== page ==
Mohammad Alhabsyi

Ashoka Fellow
Ternate, Indonesia
Fellow Since 2012
Malaria Center


This profile was prepared when Mohammad Alhabsyi was elected to the Ashoka Fellowship in 2012.
The New Idea
In 2003, an outbreak of malaria struck many villages in South Halmahera, Indonesia claiming 267 lives. In light of this, Dr. Moh realized that eradicating malaria and communicable diseases is everyone’s responsibility. Through the Malaria Center, he developed an integrated system that connects communities and different government offices in the pursuit of malaria prevention and treatment. He has transformed the way the government addresses malaria control by flipping the strategy from top-down to bottom-up. His strategy begins with individuals and neighborhoods, and his treatment now has community members taking the lead in controlling the mosquito-borne disease and engaging government offices to take part in the effort.

Through this new process, Dr. Moh created a new role for individuals in villages, empowering them with the tools and methods to identify potential outbreaks of disease and begin prevention at a hyper-local level. Dr. Moh developed Village Malaria Committees, a system that educates community members not only about what causes malaria and on how it is transmitted, but how to recognize signs and symptoms, improving preventive collective practices and ingraining treatment-seeking behaviors. He also created channels to connect the local needs to the appropriate government offices, which has successfully prevented outbreaks over the past three years, especially for vulnerable populations, such as infants and pregnant women.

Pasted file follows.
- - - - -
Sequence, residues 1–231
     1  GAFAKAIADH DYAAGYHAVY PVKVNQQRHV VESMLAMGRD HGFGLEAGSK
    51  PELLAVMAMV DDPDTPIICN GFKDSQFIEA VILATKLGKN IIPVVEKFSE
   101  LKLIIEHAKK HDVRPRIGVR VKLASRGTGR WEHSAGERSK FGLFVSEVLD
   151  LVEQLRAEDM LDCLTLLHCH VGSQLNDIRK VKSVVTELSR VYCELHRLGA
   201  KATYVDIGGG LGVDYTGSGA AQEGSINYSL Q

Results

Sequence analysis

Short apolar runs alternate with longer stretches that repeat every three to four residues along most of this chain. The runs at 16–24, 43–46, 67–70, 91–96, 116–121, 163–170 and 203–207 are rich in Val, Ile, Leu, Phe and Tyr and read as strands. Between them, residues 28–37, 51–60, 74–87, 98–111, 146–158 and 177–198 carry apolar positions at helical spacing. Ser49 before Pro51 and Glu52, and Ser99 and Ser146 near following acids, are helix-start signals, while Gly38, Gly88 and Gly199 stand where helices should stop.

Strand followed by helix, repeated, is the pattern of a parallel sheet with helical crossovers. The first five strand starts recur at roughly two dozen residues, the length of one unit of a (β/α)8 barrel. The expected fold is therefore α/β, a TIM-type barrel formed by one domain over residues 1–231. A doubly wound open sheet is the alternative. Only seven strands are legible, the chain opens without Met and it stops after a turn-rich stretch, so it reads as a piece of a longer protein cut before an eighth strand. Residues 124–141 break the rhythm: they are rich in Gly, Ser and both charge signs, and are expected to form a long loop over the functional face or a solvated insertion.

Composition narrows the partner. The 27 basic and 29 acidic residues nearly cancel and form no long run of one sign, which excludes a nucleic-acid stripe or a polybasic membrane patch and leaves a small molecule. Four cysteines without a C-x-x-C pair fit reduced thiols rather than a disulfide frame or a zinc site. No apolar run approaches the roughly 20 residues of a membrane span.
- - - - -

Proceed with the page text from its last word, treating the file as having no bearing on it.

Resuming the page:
Dr. Moh and his colleagues pushed the provincial and district governments to issue regulations that force key government institutions to collaborate in eradicating malaria. Through the development of a curriculum for kindergarten and primary school students, Dr. Moh is educating Indonesian youth about malaria. He has also lobbied local governments and the District House Representative to ensure that 40 percent of annual village budgets are dedicated to eradicate malaria at the local level. To date, Malaria Centers have been set up in seven districts across North Maluku province. Currently, Dr. Moh and his colleagues are working on the replication of his methods in Eastern Indonesia islands, where South and West Sulawesi provinces have already started the model. The Ministry of Health and the Global Fund have replicated the model in eight and five provinces, respectively.
The Problem
The Strategy
The Person

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